Cryptocurrency occupies a bizarre and cloudy area of the Indian legal landscape. It can be said that this is partly due to its novelty and partly due to its anti-authoritarian nature. Blockchain technology and cryptocurrencies haven’t been a part of the legal arena long enough for banks and regulatory agencies to make much sense of them.
With India being one of the unfriendly jurisdictions for Cryptocurrency after India’s Central Bank imposed a ban on the trading of Cryptocurrency initially, it would be interesting to note how India accepts the Initial Coin Offerings (ICOs). There are two possible ways of accepting these tokens, which are or may be introduced by private market players, first as a currency and second as security. Most ICOs, especially the ones targeting the Indian market, are not even registered in India but in countries such as Switzerland and Singapore, where cryptocurrency regulations are more friendly.
With being two most prominent forms of assets in India, the ICOs will have to struggle for their acceptance by the Indian market players because as mentioned earlier India has not been a favorable nation when it came to Cryptocurrency before the Apex Court of India decided to lift the ban on the trading of Cryptocurrency in the Internet and Mobile Association v. RBI (IMAI judgment).
1. ICOS AS CURRENCY
To begin with, whether ICOs can be treated as currency, we need to look into the literal meaning of currency and not the traditional one. As per section 2 (h) of FEMA, “currency” includes all currency notes, postal notes, postal orders, money orders, cheques, drafts, travellers cheques, letters of credit, bills of exchange and promissory notes, credit cards or such other similar instruments, as may be notified by the Reserve Bank. Therefore, making it very clear what can be classified as currency.
Moreover, if we are to look into the liberal interpretation, for crypto tokens to be considered as currency they need to be instruments that need to be notified by the Reserve Bank and thus giving the power to include more instruments to the central bank.
2. ICOS AS SECURITIES AND THE INDIAN REGULATORY REGIME
The second prominent question of whether these ICOs are capable of being considered securities is a prominent one. Section 2(h) of Securities Contract (Regulation) Act, 1956 (SCRA) deals specifically with the definition of securities. The SCRA provides an inclusive definition of security, including:
i. shares, scrips, stocks, bonds, debentures, debenture stock or other marketable securities of a like nature in or of any incorporated company or other body corporate;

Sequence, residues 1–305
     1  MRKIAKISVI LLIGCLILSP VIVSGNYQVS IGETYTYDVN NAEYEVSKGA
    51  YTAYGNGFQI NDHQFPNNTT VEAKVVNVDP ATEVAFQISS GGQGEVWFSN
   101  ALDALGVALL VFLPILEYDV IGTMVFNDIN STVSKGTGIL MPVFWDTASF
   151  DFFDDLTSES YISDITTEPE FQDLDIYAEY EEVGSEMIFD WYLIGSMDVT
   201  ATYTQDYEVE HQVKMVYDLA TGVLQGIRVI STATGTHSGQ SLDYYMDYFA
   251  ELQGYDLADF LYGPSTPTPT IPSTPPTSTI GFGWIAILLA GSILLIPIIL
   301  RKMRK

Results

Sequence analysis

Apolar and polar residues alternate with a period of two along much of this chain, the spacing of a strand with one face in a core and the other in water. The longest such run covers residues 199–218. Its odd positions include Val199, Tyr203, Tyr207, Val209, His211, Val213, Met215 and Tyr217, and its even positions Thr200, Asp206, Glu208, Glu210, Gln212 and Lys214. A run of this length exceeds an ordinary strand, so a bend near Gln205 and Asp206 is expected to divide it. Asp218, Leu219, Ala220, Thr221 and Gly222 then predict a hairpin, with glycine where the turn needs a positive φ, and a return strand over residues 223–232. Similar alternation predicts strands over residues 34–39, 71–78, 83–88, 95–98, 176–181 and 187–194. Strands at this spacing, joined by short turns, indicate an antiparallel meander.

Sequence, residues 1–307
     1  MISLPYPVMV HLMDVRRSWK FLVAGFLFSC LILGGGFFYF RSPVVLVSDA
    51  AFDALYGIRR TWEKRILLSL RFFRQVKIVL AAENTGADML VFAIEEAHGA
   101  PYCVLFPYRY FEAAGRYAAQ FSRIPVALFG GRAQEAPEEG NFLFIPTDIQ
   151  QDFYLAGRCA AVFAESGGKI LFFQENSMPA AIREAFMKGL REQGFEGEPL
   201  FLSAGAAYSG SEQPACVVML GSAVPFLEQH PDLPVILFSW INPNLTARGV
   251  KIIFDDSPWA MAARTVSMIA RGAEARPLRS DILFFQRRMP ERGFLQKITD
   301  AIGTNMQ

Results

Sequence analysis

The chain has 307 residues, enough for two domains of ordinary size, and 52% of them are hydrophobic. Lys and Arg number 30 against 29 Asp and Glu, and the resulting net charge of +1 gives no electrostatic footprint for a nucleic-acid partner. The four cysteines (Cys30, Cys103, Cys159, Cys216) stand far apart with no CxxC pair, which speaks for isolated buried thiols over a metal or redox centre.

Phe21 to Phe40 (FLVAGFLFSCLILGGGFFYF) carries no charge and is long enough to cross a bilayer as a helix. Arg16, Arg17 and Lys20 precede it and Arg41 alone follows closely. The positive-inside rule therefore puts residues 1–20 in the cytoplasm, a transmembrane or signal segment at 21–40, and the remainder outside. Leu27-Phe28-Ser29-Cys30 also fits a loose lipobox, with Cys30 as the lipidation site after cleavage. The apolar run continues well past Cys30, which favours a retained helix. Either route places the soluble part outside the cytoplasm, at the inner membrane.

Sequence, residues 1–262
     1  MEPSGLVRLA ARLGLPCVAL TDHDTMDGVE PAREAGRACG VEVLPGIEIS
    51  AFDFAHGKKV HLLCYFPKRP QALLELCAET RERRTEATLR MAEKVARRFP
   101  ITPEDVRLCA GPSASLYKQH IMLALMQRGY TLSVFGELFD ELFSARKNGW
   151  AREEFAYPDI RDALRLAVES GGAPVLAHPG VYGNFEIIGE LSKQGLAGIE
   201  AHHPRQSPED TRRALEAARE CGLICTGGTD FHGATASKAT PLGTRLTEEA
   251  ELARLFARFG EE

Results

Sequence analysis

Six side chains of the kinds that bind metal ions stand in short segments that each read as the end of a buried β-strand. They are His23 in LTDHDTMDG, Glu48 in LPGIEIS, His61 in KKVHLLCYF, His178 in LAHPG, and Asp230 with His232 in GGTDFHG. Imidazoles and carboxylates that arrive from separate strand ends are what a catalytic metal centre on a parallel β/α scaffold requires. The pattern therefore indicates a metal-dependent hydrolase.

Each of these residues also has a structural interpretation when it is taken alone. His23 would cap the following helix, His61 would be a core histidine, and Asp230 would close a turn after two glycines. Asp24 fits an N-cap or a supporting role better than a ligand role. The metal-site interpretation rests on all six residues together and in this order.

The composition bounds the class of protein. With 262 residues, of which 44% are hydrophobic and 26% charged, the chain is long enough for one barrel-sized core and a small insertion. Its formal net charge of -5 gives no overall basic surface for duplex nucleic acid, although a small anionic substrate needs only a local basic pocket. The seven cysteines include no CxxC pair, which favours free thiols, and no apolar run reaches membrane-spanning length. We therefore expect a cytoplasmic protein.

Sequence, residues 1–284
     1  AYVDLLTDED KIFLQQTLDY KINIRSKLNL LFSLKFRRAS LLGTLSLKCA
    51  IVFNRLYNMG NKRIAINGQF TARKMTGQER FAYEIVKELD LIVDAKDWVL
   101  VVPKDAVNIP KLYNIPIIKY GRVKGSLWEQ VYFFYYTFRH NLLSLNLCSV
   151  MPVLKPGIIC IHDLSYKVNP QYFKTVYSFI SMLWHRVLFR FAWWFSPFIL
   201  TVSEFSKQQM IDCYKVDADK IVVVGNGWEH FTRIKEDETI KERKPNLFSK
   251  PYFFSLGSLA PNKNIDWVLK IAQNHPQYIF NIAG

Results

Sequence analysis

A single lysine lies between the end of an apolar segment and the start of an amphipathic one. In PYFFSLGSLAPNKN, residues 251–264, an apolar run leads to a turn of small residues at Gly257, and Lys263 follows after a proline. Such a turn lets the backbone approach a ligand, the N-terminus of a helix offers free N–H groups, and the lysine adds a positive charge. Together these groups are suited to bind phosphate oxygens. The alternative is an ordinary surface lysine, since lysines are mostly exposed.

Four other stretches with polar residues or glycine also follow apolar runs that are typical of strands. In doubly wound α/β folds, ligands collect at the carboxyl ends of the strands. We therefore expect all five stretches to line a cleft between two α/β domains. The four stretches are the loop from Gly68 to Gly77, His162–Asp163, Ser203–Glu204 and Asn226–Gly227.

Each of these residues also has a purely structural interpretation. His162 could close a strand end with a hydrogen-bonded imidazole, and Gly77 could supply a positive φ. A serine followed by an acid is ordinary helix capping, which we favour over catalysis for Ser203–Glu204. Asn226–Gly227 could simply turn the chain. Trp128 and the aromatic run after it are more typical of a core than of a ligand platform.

b. units or any other instrument issued by any collective investment scheme to the investors in such schemes;
c. security receipt as defined in clause (zg) of section 2 of the Securitization and Reconstruction of Financial Assets and Enforcement of Security Interest Act, 2002;
d. units or any other such instrument issued to the investors under any mutual fund scheme;
ii. Government securities;
iii. such other instruments as may be declared by the Central Government to be securities;
iv. rights or interest in securities.
The instruments which have been mentioned in the definition of securities have an underlying capital asset. It is also not necessary that all coin offerings are accompanied by an underlying asset; there are certain ‘asset coins’ that provide debt or equity claim against the issuing entity. These asset coins are homologous to the instruments mentioned above even though they don’t strictly fall under the terms “shares” or “debentures,” they may still fall under the expression “other marketable securities of a like nature in or of any incorporated company or other body corporate”. The Supreme Court in the case of Bhagwati Developers Pvt. Ltd. v. Peerless General Finance has held that “marketable securities of a like nature” means that the securities should be freely transferrable. The same reasoning was reiterated in the case of Sahara India Real Estate Corporation Limited v. Securities and Exchange Board of India , wherein the Court held that marketable security would clearly fall under the ambit of section 2(h) of SCRA and that marketable means “capable of being sold”. Hence, there should be no restriction on the transfer of these asset coins offered through the ICOs for SEBI to have jurisdiction over the same.
Further, to bring these coins within the ambit of securities under section 2(h) of SCRA, these coins should be issued by an incorporated company or a body corporate. An inclusive definition of a body corporate has been given under section 2(11) of the Companies Act, 2013 and includes a company incorporated outside India. However, there are instances where coins are issued by unincorporated entities, and coins issued by such entities may fall outside the purview of securities under SCRA.